Saturday, June 16, 2012

The social cost of con artists

Several years ago in Barcelona airport I got conned. A man with a perfect English accent walked up beside me while I was walking between terminals. He told me his hard luck story about having arrived at the wrong airport and not having the money to get to the right airport (Girona). The bus was leaving in half an hour and he needed to get on it. This situation occurred to me a year earlier so I was immediately sympathetic with his plight. I gave him the money and continued on my way.

As I walked and turned it over in my mind several aspects of his story seemed to unravel in my mind. I turned around and headed back. Sure enough I saw the guy wandering through the terminal casually, nowhere near the bus stop. I walked along the outside of the terminal watching him through the glass, then I stepped inside, determined to confront him. He went out of my sight for a moment as I rounded one of the information booths. When I arrived on the other side he was gone. I searched and waited but he didn't reappear, some sixth sense had told him I was after him and he had fled.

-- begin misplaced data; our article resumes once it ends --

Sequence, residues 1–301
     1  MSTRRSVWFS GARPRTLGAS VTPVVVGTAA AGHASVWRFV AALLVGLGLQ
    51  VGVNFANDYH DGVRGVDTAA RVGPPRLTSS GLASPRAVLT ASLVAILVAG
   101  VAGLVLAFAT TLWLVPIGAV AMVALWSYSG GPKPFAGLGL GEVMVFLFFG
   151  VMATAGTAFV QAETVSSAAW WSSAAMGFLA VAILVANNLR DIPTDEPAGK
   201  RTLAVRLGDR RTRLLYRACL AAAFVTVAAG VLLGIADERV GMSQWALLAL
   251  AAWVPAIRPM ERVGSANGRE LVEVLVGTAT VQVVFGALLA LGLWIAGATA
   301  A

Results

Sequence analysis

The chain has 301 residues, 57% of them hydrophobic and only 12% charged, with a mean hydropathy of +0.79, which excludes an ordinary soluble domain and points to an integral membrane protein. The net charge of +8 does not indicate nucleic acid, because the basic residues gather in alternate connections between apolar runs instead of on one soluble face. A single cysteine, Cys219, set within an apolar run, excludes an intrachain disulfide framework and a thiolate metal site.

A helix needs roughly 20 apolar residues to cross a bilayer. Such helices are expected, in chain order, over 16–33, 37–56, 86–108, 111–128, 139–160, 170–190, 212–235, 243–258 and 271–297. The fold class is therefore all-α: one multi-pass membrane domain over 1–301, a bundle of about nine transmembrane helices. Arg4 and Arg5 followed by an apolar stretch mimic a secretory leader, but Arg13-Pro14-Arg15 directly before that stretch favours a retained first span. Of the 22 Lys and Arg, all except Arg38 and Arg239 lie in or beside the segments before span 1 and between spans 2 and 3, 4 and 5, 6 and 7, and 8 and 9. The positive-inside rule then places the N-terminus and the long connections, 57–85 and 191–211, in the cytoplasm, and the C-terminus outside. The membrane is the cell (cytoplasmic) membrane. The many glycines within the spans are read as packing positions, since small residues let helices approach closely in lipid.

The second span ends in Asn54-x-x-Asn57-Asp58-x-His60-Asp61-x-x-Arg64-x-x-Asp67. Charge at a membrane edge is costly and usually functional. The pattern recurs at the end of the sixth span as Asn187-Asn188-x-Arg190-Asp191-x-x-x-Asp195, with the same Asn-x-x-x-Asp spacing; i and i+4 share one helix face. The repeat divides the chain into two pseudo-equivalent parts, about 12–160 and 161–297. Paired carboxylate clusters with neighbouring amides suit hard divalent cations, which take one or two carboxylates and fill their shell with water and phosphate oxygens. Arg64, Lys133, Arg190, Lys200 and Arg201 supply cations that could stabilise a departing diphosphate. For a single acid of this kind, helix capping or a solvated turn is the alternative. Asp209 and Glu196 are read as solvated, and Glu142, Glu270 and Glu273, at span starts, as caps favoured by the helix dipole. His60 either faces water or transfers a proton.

As I reflect on this incident now I am aware of the fact that I am  considerably more suspicious of anyone who asks me for help. Perhaps you think I am a fool, and that this was a lesson I needed to learn. My thought is that I would like to live in a world where we have compassion for each other, and gladly give help when it is asked for.

The social cost of con artists is a great deal more than mere money. If money had been stolen from me I would have been angry, and I might have become more vigilant in my security, but I would not have become hardened with suspicion against people who ask for my help.

The legacy left by con artists around the world is a society where people care less, and view people in need with suspicion and hostility. For this reason I consider them the most despicable humans that have ever lived.

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